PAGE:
Small cap stocks are often held to a different standard compared to larger companies. We typically look at this class with a glass half empty approach, yet when one begins to rise we are quick to jump on board in hopes of quick and large returns. For the most part, these are speculative investments in companies that are not profitable and have limited amounts of cash, factors that must be considered. This brings me to my point: Are these factors being considered with small cap stocks that are currently trading higher, or are these stocks just a one-day/month pop? Therefore, I am looking at three such companies that each have a different long-term outlook, despite similar trading patterns.
Twin Disc, Incorporated (NASDAQ:TWIN)
Here's a company that has increased its valuation by almost 35% in the last three months, 10% on Tuesday's trading session. It has begun to trade higher after signs of improved fundamentals, and on Tuesday the signs were confirmed when the company announced Q2 earnings that beat expectations. For the quarter, Twin Disc had revenue of $72.3 million (13% loss y/y) and EPS of $0.29, both were large beats over the consensus.
Twin Disc trades with a market capitalization of $234 million after a near 50% one-year loss in valuation. The company has lost some of its business over the last year, but continues to pay a consistent dividend of 1.93%; which is pretty good for a small-cap company. This is a company that also had $10 million in operating cash flow for its quarter, and finished the year with more than $20 million in cash; also good for a small cap company. Therefore, just looking at its quarter and considering what has caused its stock to fall in the last year and rise over the last few months, I conclude that all risks are priced into the stock and that it's priced attractively for a long-term investment.
Corcept Therapeutics (NASDAQ:CORT)
Corcept Therapeutics has traded higher by 30% in the last month, including almost 10% on Tuesday. It's a $200 million company with an approved drug called Korlym for the treatment of Cushing's syndrome. But much like Twin Disc, the company has lost almost half of its valuation in the last year following an unsuccessful launch of the drug. It had all the indications of a successful product, being the only drug on the market to treat the disease and having an Orphan status which provides seven years of exclusivity. However, for some reason, the company has been unable to profit on these factors.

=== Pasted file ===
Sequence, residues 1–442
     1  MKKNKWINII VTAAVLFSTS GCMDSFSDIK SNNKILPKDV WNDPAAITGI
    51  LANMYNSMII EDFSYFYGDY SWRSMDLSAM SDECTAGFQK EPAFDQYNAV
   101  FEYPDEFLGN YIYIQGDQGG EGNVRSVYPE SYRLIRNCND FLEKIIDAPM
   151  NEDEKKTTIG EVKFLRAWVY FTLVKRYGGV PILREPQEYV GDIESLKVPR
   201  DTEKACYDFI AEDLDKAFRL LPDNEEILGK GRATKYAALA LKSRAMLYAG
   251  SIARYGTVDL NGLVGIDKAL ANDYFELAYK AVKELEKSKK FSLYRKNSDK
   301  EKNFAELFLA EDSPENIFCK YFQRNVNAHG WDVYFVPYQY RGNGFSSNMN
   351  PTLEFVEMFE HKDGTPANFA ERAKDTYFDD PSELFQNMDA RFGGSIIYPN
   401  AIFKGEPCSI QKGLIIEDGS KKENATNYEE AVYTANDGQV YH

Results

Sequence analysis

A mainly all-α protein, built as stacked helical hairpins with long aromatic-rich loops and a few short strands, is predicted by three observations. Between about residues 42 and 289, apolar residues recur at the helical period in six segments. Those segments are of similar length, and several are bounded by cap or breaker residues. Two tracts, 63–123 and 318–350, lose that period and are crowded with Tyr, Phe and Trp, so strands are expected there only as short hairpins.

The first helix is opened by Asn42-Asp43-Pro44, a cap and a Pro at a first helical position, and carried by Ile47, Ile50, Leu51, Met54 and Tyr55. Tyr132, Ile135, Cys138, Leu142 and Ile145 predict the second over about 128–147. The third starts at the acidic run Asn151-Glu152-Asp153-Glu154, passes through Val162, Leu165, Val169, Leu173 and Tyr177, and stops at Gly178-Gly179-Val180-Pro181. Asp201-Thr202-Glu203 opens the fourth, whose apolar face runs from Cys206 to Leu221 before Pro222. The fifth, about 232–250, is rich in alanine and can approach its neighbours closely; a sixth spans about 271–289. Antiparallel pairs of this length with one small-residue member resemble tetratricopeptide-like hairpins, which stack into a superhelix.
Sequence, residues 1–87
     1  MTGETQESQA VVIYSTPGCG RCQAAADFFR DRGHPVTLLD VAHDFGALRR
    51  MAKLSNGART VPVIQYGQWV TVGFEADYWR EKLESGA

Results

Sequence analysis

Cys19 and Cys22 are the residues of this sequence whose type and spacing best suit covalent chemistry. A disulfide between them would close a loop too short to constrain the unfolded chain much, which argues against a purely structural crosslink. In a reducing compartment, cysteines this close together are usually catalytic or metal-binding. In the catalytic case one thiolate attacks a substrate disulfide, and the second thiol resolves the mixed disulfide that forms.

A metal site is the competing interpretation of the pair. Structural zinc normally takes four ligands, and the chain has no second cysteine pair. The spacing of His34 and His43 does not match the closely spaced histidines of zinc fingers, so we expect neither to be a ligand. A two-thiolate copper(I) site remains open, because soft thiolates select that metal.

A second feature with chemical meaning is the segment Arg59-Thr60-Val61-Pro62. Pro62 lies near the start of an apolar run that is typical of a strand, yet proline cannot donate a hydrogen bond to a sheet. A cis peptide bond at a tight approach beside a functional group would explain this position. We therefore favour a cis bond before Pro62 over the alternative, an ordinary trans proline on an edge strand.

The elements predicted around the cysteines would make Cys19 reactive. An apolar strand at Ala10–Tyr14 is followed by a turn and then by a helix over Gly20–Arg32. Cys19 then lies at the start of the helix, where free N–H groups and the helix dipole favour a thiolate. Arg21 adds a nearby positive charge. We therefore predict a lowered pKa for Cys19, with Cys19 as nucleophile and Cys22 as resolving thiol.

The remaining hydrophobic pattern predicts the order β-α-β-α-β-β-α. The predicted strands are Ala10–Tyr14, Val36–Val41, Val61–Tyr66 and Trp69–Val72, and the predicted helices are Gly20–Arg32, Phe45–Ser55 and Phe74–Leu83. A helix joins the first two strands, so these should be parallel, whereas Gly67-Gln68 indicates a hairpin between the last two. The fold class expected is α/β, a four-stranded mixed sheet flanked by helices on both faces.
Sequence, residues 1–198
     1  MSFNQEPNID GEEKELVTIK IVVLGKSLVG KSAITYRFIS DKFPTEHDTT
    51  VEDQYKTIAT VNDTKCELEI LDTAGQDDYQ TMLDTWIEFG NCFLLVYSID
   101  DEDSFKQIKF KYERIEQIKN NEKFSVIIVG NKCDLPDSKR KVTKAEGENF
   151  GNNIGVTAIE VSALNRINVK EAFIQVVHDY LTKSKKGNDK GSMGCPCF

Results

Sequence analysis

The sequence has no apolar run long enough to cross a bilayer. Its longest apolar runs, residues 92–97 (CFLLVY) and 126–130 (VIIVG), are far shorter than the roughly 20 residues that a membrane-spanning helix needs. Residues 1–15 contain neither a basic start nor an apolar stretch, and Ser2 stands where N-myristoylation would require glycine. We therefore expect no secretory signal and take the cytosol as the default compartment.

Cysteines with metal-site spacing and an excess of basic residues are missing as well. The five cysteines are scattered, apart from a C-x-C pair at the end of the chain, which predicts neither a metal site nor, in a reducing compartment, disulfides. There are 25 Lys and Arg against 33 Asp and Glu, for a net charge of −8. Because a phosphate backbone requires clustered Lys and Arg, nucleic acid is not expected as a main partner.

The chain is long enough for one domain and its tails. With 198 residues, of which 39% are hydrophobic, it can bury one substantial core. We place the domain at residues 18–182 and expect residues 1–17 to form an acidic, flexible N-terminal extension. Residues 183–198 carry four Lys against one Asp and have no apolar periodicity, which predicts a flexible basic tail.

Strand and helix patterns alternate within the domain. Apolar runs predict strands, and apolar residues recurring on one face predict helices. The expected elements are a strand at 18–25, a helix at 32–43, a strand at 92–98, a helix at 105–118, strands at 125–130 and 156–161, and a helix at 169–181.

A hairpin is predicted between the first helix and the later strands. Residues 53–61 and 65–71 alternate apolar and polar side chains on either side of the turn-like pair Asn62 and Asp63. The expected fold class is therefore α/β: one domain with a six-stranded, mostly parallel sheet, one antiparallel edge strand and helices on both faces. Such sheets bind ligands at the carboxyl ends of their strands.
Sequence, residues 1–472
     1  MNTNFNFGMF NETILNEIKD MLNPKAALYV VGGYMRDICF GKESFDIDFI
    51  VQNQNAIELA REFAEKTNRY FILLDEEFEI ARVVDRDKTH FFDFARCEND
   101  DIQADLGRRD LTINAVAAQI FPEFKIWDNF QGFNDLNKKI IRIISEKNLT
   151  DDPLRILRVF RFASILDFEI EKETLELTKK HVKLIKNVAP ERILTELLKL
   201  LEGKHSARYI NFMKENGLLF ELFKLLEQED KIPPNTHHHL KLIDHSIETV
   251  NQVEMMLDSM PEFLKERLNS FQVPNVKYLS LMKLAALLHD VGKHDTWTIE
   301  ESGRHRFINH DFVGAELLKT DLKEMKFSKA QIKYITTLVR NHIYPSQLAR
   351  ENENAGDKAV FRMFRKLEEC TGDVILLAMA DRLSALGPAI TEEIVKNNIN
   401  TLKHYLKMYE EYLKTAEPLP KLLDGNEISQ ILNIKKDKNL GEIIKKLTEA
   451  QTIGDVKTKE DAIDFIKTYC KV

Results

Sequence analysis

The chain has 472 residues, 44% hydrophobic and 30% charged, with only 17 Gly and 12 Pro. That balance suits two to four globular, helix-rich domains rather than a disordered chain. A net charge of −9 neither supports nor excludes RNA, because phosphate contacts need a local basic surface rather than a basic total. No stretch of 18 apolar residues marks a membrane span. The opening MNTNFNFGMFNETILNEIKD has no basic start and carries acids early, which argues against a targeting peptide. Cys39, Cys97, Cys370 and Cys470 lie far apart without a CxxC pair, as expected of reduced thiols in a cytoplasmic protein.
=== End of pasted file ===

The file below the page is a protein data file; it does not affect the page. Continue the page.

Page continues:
The basis of an investment decision in Corcept is whether or not sales will begin to rise, or if Korlym will become a good drug but a bad selling product. I do find it hopeful that the company does have a large pipeline, but unfavorable that it posted a net loss of more than $8 million last quarter. Looking into the future, I believe that Corcept's positives might outweigh its negatives. The company has over $100 million in cash, which gives it flexibility to develop its pipeline while marketing Korlym. In addition, it's still trading with a large yearly loss, which means that all risks could be properly priced into its stock. Therefore, investors must determine if they believe in the company's pipeline, because with $100 million there is little risk. I would not dive head first into this stock, however a small position might be rewarding.
Cell Therapeutics (NASDAQ:CTIC)
Cell Therapeutics' Pixuvri, or Pixantrone, has kept its stock alive and company operational for the last five years. The stock has lost more than 75% of its value in the last year, but has managed to gain 22% over the last month, including 9% on Tuesday. As far as I can see, there was no news to spark the movement, in fact, there was no real news to spark its 24% jump back on January 8. But ever-so-often, this is a stock that tends to jump on a technical rally or some new-found hope for its cancer fighting drug.
Despite countless rounds of financing and failed meetings with the FDA, Cell Therapeutics continues to sport a market cap of $140 million. In its last quarter it lost $15 million and currently has just $14 million on its balance sheet (according to Yahoo! Finance). Yes, Cell Therapeutics jumped on Tuesday, and yes, some are optimistic of Pixuvri's chances of success in the EU or in Canada, but this is a company that has been plagued with too much disappointment. The problem isn't data, but the company has failed to meet the requirements of the FDA and I don't think it will ever see an FDA approval. Therefore, if biotech valuations are determined upon the speculation and the ultimate success of a product(s) then I think Cell Therapeutics is a stock to avoid.
I have provided three stocks, all three traded with big gains on Tuesday with higher than usual volume and have outperformed the market in the last month. Most likely, there are many investors who are now entertaining one of these three stocks, and in this article I have laid out my beliefs: One to buy, one to watch, and one to avoid. But now, you must make the call if any appear attractive, perform your own research, and see if any could continue to trade higher throughout the remainder of this year, and beyond.